Clinical Integration of NGS
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As genetic sequencing technologies continue to evolve rapidly, becoming part of clinical care, there is a critical need to establish appropriate policies and regulatory frameworks to address potential challenges, legal and ethical experts have said. A special policy issue of the Journal of Law, Medicine & Ethics published online and edited by experts with the Center for Medical Ethics and Health Policy at Baylor College of Medicine gives policy makers the tools to jumpstart this process.
Experts with the Center for Medical Ethics and Health Policy at Baylor were tapped to serve as editors of this special issue of the journal, which addressed a variety of topics including U.S. Food and Drug Administration regulation, reimbursement, intellectual property issues, and proprietary databases. They did so with the help of a $1.6 million National Human Genome Research Institute grant to Dr. Amy McGuire, director of the Center and a leading expert on legal and ethical issues in genetics. The grant allowed experts to study how the evolution of the next generation sequencing industry impacts these major policy areas.
Next generation sequencing technologies allow clinicians and scientists to determine the precise order of nucleotides – or building blocks -- in a DNA sequence.
“This special issue of the journal represents the most comprehensive analysis to date of legal and policy issues associated with the clinical integration of next generation sequencing,” said McGuire.
In an introductory commentary included in the issue, authors McGuire, Dr. David Kaufman, director of research at the Genetics and Public Policy Center at Johns Hopkins University in Washington, D.C., and Dr. Margaret Curnutte, a post-doctoral fellow in the Center for Medical Ethics and Health Policy at Baylor, highlight the priority areas of policy uncertainty.
“Next generation sequencing is potentially transformative for genetic testing applications because it allows clinicians to look broadly across the genome to identify a wide range of genetic changes that are, or may in the future be, clinically significant, as well as to more precisely diagnose and treat disease,” the authors noted in the introduction. “The potential expansion of clinical utility and the decreasing costs have brought next generation sequencing methods to the cusp of mainstream clinical diagnostic testing.”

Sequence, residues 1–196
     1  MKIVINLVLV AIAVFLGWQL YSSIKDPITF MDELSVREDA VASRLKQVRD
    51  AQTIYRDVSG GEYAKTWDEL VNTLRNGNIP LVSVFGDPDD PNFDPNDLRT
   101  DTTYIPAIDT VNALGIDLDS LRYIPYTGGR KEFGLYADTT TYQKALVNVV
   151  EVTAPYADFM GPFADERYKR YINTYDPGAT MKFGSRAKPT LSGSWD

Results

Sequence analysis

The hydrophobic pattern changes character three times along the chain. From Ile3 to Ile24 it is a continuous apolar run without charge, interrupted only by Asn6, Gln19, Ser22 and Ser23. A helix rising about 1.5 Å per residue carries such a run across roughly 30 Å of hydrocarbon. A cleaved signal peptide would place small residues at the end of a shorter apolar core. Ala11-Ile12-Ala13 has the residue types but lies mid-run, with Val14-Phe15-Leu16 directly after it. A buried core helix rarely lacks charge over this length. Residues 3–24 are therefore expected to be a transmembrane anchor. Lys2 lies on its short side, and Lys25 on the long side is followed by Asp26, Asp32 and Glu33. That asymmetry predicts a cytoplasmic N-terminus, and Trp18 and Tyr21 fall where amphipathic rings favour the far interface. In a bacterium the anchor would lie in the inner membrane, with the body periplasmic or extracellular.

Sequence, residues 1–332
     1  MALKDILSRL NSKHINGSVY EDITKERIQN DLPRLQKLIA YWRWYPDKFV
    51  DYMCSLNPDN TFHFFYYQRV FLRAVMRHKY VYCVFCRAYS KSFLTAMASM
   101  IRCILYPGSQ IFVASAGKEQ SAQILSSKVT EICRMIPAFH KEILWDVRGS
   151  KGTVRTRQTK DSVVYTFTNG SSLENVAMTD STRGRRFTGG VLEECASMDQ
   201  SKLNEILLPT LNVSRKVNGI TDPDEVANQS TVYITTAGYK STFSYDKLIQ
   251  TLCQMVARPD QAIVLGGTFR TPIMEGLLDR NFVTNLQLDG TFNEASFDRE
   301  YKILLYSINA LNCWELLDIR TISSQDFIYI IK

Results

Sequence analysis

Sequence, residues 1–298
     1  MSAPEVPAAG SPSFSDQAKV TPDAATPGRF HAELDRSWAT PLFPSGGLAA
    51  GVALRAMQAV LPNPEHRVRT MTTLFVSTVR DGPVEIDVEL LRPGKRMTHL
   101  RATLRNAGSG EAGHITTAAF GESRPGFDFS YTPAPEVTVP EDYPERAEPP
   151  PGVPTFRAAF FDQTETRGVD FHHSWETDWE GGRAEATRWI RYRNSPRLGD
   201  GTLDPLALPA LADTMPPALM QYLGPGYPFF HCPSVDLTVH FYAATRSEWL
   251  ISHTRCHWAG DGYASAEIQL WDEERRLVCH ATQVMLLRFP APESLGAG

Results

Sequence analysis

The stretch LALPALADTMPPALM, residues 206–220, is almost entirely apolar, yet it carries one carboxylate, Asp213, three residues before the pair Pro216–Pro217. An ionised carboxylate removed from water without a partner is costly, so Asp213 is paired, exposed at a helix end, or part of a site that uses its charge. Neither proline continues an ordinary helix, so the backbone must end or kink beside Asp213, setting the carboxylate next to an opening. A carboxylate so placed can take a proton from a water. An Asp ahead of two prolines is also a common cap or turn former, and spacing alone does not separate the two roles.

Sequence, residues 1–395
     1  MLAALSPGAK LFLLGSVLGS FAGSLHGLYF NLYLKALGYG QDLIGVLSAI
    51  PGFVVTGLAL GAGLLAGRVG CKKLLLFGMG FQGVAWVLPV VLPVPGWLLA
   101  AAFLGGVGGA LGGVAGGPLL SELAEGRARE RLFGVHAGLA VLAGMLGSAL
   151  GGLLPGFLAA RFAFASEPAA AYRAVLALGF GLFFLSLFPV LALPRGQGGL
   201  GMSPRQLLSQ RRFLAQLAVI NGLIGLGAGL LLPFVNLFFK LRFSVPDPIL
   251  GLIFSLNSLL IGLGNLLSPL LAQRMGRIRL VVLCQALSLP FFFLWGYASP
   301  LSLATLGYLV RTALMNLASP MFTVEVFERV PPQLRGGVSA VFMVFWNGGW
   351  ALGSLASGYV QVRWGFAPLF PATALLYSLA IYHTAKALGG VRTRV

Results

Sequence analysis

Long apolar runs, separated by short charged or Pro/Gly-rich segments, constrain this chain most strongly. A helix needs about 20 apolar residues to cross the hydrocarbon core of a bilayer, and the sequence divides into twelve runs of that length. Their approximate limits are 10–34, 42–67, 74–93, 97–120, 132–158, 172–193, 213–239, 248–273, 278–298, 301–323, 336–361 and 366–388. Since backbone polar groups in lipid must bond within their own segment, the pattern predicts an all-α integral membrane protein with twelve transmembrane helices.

There are a host of policy challenges facing clinical integration that must be addressed before genomic sequencing is available for routine clinical use. Though many companies and laboratories involved in clinical sequencing are working to address these issues, there continues to be much variability in analysis – which is why the journal’s editors called on McGuire and her team to coordinate the current issue’s special focus.
“We believe that a more coordinated approach to policy development is needed since this technology presents several challenges that lie outside existing regulatory frameworks,” the authors noted.
Reports in the current issue authored by leading experts on each subject were designed to provide policy makers with the most comprehensive background to address policy making decisions.
The highlighted articles included in the journal provide in-depth reports on some of the most pressing issues:
- Regulation of clinical genetic testing by the Center for Medicare and Medicaid Services through its Clinical Laboratory Improvement Amendments, state law, and the FDA, by legal experts Gail Javitt, of the Johns Hopkins Berman Institute of Bioethics and counsel at Sidley Austin LLP, and Katherine Carner, associate with Allen Boone Humphries Robinson LLP.
- Comprehensive review of the coverage and reimbursement environment confronting clinical next generation sequencing authored by Dr. Patricia Deverka, an adjunct associate professor at the University of North Carolina at Chapel Hill School of Pharmacy, and Jennifer Dreyfus, principal of Dreyfus Consulting, LLC.
- Examination of current case law related to the patenting of human genes by Dr. Robert Cook-Deegan, of the Sanford School of Public Policy at Duke University and Dr. Subhashini Chandrasekharan of the Global Health Institute also at Duke University.
- Discussion of the legality of proprietary databases held as trade secrets by Dr. Barbara Evans, director of the Center for Biotechnology & Law at the University of Houston Law Center.
“There is an immediate need for critical thought about what the highest policy priorities surrounding clinical next generation sequencing are and how we may begin to address them,” the introduction authors said. “To develop policy priorities for clinical NGS in the absence of robust clinical data, we suggest input and deliberation from a broad array of stakeholders including NGS technology and informatics companies, clinical laboratories, health care professionals, insurers, regulatory and public health agencies, health economists and patient groups.”
It is our hope that the scholarship in this issue will begin to generate such conversations, and provide policy makers with access to sound policy options based on wide-ranging expert opinions and rigorous research, they said.